jeudi 5 août 2010

Paul Auster, LEVIATHAN, New York, Penguin Books, 1992

"I used to be here, but then I went away. I just got back five or six months ago."
"And where were you?"
"France. I lived there for close to five years."
"That explains it, then. But why on earth would you want to live in France?"
"No particular reason. I just wanted to be somewhere that wasn't here."
"You didn't go to study? You weren't working for UNESCO or some hot-shot international law firm?"
"No, nothing like that. I was pretty much living hand to mouth."
"The old expatriate adventure, was that it? Young American writer goes off to Paris to discover culture and beautiful women, to experience the pleasure of sitting in cafés and smoking strong cigarettes."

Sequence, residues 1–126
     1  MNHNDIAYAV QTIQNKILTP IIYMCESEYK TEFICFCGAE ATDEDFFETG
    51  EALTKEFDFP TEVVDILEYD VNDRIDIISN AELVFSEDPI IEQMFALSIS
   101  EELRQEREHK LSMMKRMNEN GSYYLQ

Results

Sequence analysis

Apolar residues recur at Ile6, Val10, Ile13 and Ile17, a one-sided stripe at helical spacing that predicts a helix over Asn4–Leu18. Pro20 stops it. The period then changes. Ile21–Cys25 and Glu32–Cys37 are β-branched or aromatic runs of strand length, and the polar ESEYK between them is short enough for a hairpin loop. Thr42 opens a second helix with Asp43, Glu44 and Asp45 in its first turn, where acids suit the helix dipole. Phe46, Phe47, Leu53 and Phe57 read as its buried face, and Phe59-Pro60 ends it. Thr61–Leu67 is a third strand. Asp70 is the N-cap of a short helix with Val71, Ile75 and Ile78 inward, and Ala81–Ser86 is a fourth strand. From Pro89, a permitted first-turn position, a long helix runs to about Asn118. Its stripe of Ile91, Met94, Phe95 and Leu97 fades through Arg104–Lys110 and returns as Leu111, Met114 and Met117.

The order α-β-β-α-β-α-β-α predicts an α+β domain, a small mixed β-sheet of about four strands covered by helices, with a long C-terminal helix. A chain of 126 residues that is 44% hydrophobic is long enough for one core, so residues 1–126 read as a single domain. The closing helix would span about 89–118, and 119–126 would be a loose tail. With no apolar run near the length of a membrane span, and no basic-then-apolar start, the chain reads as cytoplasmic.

"I don't think it was that either. I felt I needed some breathing room, that's all. I picked France because I was able to speak French. If I spoke Serbo-Croatian, I probably would have gone to Yugoslavia."
"So you went away. For no particular reason, as you put it. Was there any particular reason why you came back?"
"I woke up one morning last summer and told myself it was time to come home. Just like that. I suddenly felt I'd been there long enough. Too many years without baseball, I suppose. If you don't get your ration of double plays and home runs, it can begin to dry up your spirit."
(p. 17)

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